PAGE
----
Now here’s my question: how the heck do you do all of the above and keep everything warm??  Maybe I need to practice more (in the fall maybe – it’s getting to be bathing suit season!) but I could get the egg poaching and the ham frying going at the same time, but the English muffin toasting and the hollandaise making had to wait until the first two were done.  Perhaps if I made the hollandaise in the double boiler that would heat things up when I poured it over to but alas, I didn’t.  I also had company and may have been doing a bit of visiting!

In any event, the eggs benedict were very tasty, if a bit cold.  I recommend trying this with perhaps four eggs benedict instead of eight because then you might have a chance of keeping everything warm.  Go forth with hollandaise!


[Ed. – The lovely Sarah has survived the insanity of the gold medal hockey game, and now is waxing poetic about PB…]

Peanut Butter Lovers Day.  Ah, who among us is not a peanut butter lover?  Crunchy, smooth, organic, sugar free, salt free, homemade … everyone can find a peanut butter they can fall in love with.

I found this on Peanut Butter

“There are many claims about the origin of peanut butter. Africans ground peanuts into stews as early as the 15th century. The Chinese have crushed peanuts into creamy sauces for centuries. Civil War soldiers dined on ‘peanut porridge.’ These uses, however, bore little resemblance to peanut butter as it is known today.


In 1890, an unknown St. Louis physician supposedly encouraged the owner of a food products company, George A. Bayle Jr., to process and package ground peanut paste as a nutritious protein substitute for people with poor teeth who couldn’t chew meat. The physician apparently had experimented by grinding peanuts in his hand-cranked meat grinder. Bayle mechanized the process and began selling peanut butter out of barrels for about 6¢ per pound. ”

My favourite mode of ingesting peanut butter is actually just on a knife.  Out for weekend brunch when you’re starving from standing in line for an hour and there are those wee packets of Kraft peanut butter on a table, who can resist?  Crack one open, scoop some out and mmmmm, you can now wait another 25 minutes for your real breakfast to arrive.  I’m also a fan of peanut butter cookies – just the very plain “1c peanut butter, 1 egg, 1/2 c. sugar, mix and bake at 325 for 12 minutes”.  Deliciously peanut butter-y goodness.  My mom has made, for as long as I can remember, peanut butter chocolate chip cookies on a weekly basis.  My parents are visiting right now so she brought some for Andrew.  Pictured here are both kinds of cookies, in front of the gold medal winning men’s jockey jersey, worn by a very happy Andrew.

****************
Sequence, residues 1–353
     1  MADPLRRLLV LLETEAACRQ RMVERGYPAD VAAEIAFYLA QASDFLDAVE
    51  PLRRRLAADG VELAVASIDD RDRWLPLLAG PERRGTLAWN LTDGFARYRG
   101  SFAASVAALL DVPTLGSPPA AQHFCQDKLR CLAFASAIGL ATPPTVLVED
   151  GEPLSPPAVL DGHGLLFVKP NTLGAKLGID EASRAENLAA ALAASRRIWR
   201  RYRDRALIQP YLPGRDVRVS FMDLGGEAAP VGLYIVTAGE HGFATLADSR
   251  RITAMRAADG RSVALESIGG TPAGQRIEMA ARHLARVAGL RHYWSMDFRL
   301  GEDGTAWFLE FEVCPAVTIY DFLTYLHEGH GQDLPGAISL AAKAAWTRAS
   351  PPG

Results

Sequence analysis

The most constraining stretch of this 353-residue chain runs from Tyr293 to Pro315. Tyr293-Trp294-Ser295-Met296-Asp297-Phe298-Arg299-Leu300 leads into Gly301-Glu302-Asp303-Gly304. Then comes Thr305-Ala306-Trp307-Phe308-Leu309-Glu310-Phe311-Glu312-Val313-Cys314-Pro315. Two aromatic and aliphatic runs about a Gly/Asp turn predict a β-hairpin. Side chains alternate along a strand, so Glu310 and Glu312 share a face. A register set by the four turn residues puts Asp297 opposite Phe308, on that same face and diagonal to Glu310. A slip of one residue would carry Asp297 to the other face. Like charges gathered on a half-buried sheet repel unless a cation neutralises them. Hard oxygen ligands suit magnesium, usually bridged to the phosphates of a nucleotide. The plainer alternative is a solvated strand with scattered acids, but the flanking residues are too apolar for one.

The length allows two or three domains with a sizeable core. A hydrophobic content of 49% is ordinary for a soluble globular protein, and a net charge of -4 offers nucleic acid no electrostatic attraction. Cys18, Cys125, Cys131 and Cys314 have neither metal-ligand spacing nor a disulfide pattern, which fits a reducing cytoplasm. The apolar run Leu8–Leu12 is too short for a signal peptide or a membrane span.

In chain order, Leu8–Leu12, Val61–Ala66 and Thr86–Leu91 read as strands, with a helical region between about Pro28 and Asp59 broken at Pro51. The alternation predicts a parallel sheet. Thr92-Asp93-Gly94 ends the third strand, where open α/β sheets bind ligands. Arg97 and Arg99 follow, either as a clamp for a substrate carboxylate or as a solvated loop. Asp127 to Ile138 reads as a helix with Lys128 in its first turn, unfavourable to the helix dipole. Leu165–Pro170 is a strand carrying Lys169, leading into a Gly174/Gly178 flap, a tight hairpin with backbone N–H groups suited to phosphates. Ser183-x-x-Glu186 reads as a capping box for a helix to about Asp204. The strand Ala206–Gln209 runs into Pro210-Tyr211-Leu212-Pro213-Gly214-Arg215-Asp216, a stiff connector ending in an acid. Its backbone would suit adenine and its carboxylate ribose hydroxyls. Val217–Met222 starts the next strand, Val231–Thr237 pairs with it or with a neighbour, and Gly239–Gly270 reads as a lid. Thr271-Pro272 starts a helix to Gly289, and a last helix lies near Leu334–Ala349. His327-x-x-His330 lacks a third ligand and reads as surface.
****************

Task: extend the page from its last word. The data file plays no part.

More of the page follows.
Other vehicles for peanut butter enjoyment include smoothies (try it!  Makes the smoothies stick to your ribs), chocolate cups, with homemade jam on homemade bread … the list goes on.  Peanut butter is also a good snack for puppies.  Susie always gets a peanut butter cookie when we visit the dog store in our neighbourhood.  Unfortunately she ate the last one before I could snap a pic.

I leave you with this word of caution oh peanut butter-crossed lovers: too much peanut butter cannot be good for a person, aptly illustrated by one of my favourite poets, Shel Silverstein:

Peanut-Butter Sandwich

    by Shel Silverstein (1932-1999)

I’ll sing you a story of a silly young king
Who played with the world at the end of a string,
But he only loved one single thing —
And that was just a peanut-butter sandwich.

His scepter and his royal gowns,
His regal throne and golden crowns
Were brown and sticky from the mounds
And drippings from each peanut-butter sandwich.

His subjects all were silly fools
For he had passed a royal rule
That all that they could learn in school
Was how to make a peanut-butter sandwich.

He would not eat his sovereign steak,
He scorned his soup and kingly cake,
And told his courtly cook to bake
An extra-sticky peanut-butter sandwich.

And then one day he took a bite
And started chewing with delight,
But found his mouth was stuck quite tight
From that last bite of peanut-butter sandwich.

His brother pulled, his sister pried,
The wizard pushed, his mother cried,
“My boy’s committed suicide
From eating his last peanut-butter sandwich!”

The dentist came, and the royal doc.
The royal plumber banged and knocked,
But still those jaws stayed tightly locked.
Oh darn that sticky peanut-butter sandwich!

The carpenter, he tried with pliers,
The telephone man tried with wires,
The firemen, they tried with fire,
But couldn’t melt that peanut-butter sandwich.

With ropes and pulleys, drills and coil,
With steam and lubricating oil —
For twenty years of tears and toil —
They fought that awful peanut-butter sandwich.

Then all his royal subjects came.
They hooked his jaws with grapplin’ chains
And pulled both ways with might and main
Against that stubborn peanut-butter sandwich.

Each man and woman, girl and boy
Put down their ploughs and pots and toys
And pulled until kerack! Oh, joy —
They broke right through that peanut-butter sandwich.

A puff of dust, a screech, a squeak —
The king’s jaw opened with a creak.
And then in voice so faint and weak —
The first words that they heard him speak
Were, “How about a peanut-butter sandwich?”